Area Residents Pepper Officials With Questions About Tappan Zee

Residents of the quiet neighborhood south of the toll plaza were concerned about how the project would impact them. Responding to queries were Larry Schwartz, secretary to Governor Andrew Cuomo; Thruway Executive Director Thomas J. Madison; Mark Roche, principal at ARUP engineering; and Robert Conway, Senior Vice President, AKRF Environmental, Planning and Engineering Consultants.

door“We have a lot of questions including sound barriers, security… Most of those questions are predicated on construction traffic that will potentially run through and around our streets. Will you be putting up barriers to protect us?” Irving Neighborhood Preservation Association president Tori Weisel asked, when referencing a list of Irving Neighborhood’s concerns and requests — ideas compiled from emails sent to her by neighbors — that she sent to the project team.

A major concern is the access roads workers will use to access the construction site in their neighborhood of kids and school buses, and with the nearby JCC.

George Gasperini, a seven-decade resident of Irving Neighborhood, stood up and asked about parking for project workers.

“Near the quarry at Interchange Exit 12 in Rockland County,” Conway replied. “We’re looking at that site, among others,” which include the New York State Police barracks in Tarrytown.

Decisions like workers’ parking hinged on the chosen design-build team, and secured a promise from Schwartz for a neighborhood walk-through. Schwartz said they will not be allowed to park on local roads in Tarrytown, Nyack or Piermont. “We’re finding locations (to) lease space, where they can be bussed,” he said. The daily — and currently unknown number of — workers “will be bussed in and picked up at the end of the day, (and taken to) where we find suitable parking.”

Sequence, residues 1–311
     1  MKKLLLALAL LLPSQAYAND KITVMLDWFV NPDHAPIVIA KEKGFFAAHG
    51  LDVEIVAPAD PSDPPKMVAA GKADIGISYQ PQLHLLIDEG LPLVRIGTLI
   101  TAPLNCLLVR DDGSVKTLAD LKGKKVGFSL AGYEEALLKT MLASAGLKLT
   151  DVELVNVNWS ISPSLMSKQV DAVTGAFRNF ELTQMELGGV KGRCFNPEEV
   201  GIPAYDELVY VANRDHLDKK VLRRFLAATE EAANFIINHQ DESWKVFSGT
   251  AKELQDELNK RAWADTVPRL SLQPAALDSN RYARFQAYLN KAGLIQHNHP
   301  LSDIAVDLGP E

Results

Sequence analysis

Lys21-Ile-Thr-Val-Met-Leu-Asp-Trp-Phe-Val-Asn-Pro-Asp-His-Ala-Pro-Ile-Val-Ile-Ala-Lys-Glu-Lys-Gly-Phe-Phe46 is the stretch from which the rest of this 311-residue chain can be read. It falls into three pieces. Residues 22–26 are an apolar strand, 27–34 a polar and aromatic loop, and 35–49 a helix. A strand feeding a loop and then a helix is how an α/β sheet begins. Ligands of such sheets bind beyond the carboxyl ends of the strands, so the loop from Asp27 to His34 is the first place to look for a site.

No concrete parking plans currently exist, leaving that dilemma to the design-build team’s discretion — within limits. “I am not going to allow the contractor to make decisions that would negatively impact the community,” Schwarz said, responding to a query about when the state would weigh in on the contractor’s chosen parking locations.

“The reason I brought up the parking was because Tori and another lady were concerned about traffic and safety of the children,” Gasperini said later. “No parking on the street is appreciated, yet what if the workers find no place to park and decide it’s okay to park near the toll gates?”

Citing his neighborhood’s battle for a barrier along Van Wart Avenue, he said it would be “nice for the Thruway to put some flowers and trees (there) and clean up the area. It’s the Thruway’s backyard and our front yard.”

JCC on the Hudson Executive Director Frank Hassid suggested allowing left turns onto Broadway to avoid the line of cars that block the northbound Broadway.

“When you make the right turn out of the JCC, there’s a light with a left-turn lane to I-287,” Hassid said. “I proposed making the left lane into both a turning lane and a straight lane to avoid traffic buildup.”

Hassid agreed the situation will be challenging “yet based on the information shared last night at meeting, we’re somewhat encouraged. They seemed to pay attention to the local community and seem to want to do as much as possible to mitigate.”